The Communist Manifesto

by Karl Marx and Friedrich Engels
Reviewed date: 2005 Jul 20
46 pages
cover art

Communism as proposed by Marx in The Communist Manifesto is--in my understanding--an economic system based on Karl Marx's misguided theory of psychology. Communism is justified as necessary for the self-esteem of men; the buying and selling of labor in a capitalist society destroys the self-esteem of a man because he must sell himself for the materials things needed to live. That destroys a man's self-worth, according to Marx. A man can only be free when his self-esteem is healthy, which can only happen when he receives freely the material possessions needed for life.

Thus, according to Marxist theory, private ownership of the means of production is contrary to the spirit of mankind. Note that this does not necessarily mean the abolition of all types of property. Privately owned consumer goods are possibly acceptable, but private ownership of the means of production, of capital, is wrong. Capital is land, factories, businesses, and other items essential to the creation of wealth.

Since in most societies the means of production are privately owned, this results in a class struggle between the owners of the capital (the businessmen, the bourgeoisie) and the workers (the employees, the proletariat.) This class struggle is inevitable according to Marxist theory, because the bourgeoisie will oppress the proletariat and render them nothing more than wage-slaves who earn only enough to keep from starving.

Marxism rejects the concept of "eternal truths, such as Freedom, Justice, etc., that are common to all states of society." Marx responds to the critics who object to the abolition of private property:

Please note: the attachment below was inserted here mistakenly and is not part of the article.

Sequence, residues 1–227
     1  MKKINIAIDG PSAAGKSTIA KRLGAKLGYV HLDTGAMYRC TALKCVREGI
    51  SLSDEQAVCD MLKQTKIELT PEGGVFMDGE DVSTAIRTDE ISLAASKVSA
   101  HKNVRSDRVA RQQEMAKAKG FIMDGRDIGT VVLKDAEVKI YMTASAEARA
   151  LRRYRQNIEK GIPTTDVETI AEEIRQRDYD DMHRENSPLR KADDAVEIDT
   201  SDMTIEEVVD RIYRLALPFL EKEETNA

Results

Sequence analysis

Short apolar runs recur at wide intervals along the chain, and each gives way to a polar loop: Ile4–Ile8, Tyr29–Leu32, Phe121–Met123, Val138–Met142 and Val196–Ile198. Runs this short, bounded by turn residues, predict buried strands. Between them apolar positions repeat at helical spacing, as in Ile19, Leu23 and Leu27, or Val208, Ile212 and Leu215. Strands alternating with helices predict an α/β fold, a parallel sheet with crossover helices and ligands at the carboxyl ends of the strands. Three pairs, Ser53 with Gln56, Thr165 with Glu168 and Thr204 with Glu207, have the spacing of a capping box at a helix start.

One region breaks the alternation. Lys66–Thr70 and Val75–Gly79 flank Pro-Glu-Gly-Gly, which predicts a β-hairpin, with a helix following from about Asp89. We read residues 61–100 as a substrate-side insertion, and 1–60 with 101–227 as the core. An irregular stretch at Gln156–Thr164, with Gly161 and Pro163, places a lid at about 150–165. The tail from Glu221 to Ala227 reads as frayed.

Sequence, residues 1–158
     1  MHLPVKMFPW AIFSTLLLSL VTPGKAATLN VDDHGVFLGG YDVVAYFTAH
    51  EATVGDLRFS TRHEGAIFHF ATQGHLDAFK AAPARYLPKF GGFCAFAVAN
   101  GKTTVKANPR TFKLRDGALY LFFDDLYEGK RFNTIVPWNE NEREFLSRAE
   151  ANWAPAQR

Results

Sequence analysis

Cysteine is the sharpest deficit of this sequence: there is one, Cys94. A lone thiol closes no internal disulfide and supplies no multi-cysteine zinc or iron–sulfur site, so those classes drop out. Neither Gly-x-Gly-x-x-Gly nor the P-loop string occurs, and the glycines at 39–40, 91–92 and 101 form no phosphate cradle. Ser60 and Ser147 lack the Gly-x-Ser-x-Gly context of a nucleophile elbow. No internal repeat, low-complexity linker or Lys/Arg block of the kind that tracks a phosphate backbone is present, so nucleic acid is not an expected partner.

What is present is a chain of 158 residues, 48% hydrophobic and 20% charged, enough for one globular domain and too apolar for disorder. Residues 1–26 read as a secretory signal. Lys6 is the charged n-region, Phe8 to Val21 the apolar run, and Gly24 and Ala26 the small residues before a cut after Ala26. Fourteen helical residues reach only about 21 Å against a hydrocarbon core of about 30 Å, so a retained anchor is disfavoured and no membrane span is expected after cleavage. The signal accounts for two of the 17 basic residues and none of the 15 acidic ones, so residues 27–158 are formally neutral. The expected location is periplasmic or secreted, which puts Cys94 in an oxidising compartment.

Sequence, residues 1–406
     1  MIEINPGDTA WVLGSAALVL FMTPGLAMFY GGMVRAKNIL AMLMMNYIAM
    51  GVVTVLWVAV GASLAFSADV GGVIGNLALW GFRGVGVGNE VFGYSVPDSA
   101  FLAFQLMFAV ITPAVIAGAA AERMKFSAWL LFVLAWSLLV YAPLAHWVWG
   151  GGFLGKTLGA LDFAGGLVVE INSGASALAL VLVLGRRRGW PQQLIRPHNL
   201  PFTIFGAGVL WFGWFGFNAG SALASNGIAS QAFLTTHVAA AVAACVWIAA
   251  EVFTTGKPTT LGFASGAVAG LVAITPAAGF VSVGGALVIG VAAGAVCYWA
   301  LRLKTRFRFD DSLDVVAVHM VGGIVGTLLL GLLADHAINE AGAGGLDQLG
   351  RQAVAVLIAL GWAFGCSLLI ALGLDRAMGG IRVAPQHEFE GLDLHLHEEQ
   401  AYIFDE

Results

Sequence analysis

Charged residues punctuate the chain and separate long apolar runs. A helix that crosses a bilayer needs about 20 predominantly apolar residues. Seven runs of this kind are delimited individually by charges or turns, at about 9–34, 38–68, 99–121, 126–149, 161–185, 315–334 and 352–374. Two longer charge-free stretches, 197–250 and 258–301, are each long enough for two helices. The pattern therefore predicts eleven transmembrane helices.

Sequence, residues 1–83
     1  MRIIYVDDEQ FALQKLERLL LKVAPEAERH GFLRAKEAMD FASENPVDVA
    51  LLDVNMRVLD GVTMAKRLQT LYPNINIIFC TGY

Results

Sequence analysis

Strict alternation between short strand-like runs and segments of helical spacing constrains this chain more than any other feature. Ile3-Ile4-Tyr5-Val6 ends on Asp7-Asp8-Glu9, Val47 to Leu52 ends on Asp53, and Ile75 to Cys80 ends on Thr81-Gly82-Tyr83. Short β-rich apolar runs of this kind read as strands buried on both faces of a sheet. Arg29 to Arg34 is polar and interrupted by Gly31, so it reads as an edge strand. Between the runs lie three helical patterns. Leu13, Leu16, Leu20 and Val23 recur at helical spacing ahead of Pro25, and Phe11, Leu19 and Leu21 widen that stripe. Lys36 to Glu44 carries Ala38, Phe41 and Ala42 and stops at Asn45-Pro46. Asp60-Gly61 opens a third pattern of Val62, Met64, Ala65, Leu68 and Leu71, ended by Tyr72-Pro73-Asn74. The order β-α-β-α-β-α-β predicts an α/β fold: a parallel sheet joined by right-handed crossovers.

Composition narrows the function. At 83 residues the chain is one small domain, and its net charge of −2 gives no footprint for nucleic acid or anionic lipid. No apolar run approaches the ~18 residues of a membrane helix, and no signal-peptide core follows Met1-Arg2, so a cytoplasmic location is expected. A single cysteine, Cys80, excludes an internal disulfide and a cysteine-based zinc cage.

Don't wrangle with us so long as you apply, to our intended abolition of bourgeois property, the standard of your bourgeois notions of freedom, culture, law, etc. Your very ideas are but the outgrowth of the conditions of your bourgeois production and bourgeois property.

The brazen arrogance of Marx knows no bounds: "The charges against communism made from a religious, a philosophical, and generally, from an ideological standpoint, are not deserving of serious examination."

Nowhere in The Communist Manifesto does Karl Marx talk about a man's rights. How does one advocate a system of government, economics, and of life, without discussing the rights of men? Marx's only mention of the subject is the unsupported accusation that all the ethical and moral system ever devised are the product of bourgeois thinking. Perhaps, perhaps. But Marx is unable to offer any ethical framework upon which to put Marxism. In fact Marx advocates the complete violation of basic human rights: the move to Communism "cannot be effected except by means of despotic inroads on the rights of property, and on the conditions of bourgeois production." He advocates the seizure of all land, abolition of the right of inheritance, centralization of credit in a national bank, state ownership of all means of communication, and forced labor including "the establishment of industrial armies, especially for agriculture." Marxism is an egregious violation of personal liberty, free speech, and property ownership.

In this sense, the theory of the Communists may be summed up in the single sentence: Abolition of private property.

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